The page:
Judge Toti has said that there are three kinds of politicians: those who fight the Mafia, those who work for the Mafia and, the most dangerous of all, those who leave the Mafia alone. We are going to study this bill in committee with a view to giving it the teeth that you have not given it, the teeth to go after the people who are really running organized crime, not just the small fry, the people who bother you, the people who are letting you put on this charade.

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3:25 p.m.

Conservative

The Acting Speaker Bruce Stanton

Order. I would remind all members to direct their comments through the Chair.

The hon. member for Winnipeg North.

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3:25 p.m.

Liberal

Kevin Lamoureux Winnipeg North, MB

Mr. Speaker, as I have indicated before, this is indeed an anti-immigrant bill.

At the end of the day, if it was just about serious criminals and deporting serious criminals who are permanent residents, I suspect the government would have a lot more support.

It goes far beyond that. To illustrate that in the form of an example, if someone is part of a family in a country abroad and one of the children immigrates to Canada, and if that person wants to visit that child someday but has another dependent who is involved in some sort of gang activity, that parent will not be able to come to Canada to visit the child. That is this serious crime bill that the government is talking about.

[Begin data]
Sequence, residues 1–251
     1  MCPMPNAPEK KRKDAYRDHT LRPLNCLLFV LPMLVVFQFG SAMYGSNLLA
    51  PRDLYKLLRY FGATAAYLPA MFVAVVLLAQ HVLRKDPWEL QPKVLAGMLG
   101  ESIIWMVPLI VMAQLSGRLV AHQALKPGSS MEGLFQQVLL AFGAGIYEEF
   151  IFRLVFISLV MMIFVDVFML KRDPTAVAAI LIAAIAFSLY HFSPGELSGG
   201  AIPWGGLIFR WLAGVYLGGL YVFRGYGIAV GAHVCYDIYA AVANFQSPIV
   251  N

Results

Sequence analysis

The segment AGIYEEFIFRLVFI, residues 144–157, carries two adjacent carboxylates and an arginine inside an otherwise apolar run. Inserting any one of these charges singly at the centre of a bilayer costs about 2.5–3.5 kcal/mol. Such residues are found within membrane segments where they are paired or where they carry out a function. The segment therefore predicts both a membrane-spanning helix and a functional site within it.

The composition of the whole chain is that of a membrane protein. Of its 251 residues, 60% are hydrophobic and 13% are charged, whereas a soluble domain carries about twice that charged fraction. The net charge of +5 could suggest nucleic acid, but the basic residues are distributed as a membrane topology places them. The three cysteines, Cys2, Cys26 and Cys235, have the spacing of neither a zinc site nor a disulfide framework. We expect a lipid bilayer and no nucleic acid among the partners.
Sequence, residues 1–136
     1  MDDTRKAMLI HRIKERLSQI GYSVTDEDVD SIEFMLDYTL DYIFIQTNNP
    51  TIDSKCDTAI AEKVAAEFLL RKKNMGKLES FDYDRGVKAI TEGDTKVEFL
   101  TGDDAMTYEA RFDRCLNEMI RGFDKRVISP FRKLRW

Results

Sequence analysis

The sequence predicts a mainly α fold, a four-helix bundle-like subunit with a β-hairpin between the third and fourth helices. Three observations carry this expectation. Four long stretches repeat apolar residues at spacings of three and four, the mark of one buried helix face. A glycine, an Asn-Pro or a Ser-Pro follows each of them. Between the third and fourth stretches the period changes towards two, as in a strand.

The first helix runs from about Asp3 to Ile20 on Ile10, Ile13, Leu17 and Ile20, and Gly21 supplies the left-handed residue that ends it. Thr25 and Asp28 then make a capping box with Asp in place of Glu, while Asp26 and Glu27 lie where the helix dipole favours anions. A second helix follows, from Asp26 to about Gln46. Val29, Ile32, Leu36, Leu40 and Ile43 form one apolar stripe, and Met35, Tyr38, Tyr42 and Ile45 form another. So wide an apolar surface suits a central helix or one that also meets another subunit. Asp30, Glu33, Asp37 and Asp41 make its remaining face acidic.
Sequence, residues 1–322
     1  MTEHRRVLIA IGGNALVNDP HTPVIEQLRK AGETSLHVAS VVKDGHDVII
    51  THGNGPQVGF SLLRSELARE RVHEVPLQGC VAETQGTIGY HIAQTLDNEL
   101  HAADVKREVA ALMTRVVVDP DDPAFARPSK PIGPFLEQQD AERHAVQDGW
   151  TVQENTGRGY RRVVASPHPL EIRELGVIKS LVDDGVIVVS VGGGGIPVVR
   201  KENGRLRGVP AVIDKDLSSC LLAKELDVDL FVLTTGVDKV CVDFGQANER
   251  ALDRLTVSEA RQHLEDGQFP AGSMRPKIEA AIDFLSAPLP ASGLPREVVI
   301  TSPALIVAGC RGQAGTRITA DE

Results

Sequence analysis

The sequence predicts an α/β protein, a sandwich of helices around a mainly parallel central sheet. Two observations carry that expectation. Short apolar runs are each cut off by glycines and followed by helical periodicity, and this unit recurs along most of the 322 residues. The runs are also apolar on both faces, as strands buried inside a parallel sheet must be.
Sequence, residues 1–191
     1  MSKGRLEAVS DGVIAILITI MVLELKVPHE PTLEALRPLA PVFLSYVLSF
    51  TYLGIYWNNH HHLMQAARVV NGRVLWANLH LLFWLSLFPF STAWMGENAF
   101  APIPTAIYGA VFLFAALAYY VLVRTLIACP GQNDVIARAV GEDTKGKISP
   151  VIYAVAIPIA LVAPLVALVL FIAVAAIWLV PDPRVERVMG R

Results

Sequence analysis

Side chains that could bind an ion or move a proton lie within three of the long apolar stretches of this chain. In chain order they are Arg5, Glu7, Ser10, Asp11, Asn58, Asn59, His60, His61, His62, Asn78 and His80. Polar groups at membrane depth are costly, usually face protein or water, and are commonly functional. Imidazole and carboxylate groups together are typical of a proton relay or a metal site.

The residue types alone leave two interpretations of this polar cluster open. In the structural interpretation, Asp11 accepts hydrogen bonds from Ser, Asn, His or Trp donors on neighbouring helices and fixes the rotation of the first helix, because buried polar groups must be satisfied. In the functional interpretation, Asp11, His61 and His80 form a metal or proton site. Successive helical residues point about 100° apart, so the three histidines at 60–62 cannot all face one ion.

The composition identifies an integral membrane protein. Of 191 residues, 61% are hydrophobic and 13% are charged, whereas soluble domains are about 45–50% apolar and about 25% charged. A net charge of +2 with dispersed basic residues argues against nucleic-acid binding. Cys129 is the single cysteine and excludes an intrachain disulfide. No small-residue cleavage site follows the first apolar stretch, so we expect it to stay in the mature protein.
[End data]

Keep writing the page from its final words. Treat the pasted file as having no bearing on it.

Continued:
I am wondering if the member might want to comment on the fact that this bill does a lot more than just deal with serious crime by permanent residents?

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3:30 p.m.

NDP

Alain Giguère Marc-Aurèle-Fortin, QC

Mr. Speaker, we had high hopes for this bill. We were hoping that it would prevent abuses like the ones we have already seen and talked about. Unfortunately, this bill basically attacks only what makes headlines. It does not address the essential elements of discrimination that allow the minister to decide who is a good guy and who is a bad guy.

This is an anti-immigrant bill. It points fingers at immigrants and paints them all as criminals. It is dangerous to do that. Innocent people are having fingers pointed at them, but because they are immigrants, they might even be accused of being criminals. This puts everyone in the same category: they all come to Canada to commit crimes. But that is not the case. That is the problem. Fingers are being pointed at people who do not deserve it. And for those who should be punished, I was expecting a “Rizzuto” law, a solid bill, but that is not what was introduced.

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3:30 p.m.

NDP

Brian Masse Windsor West, ON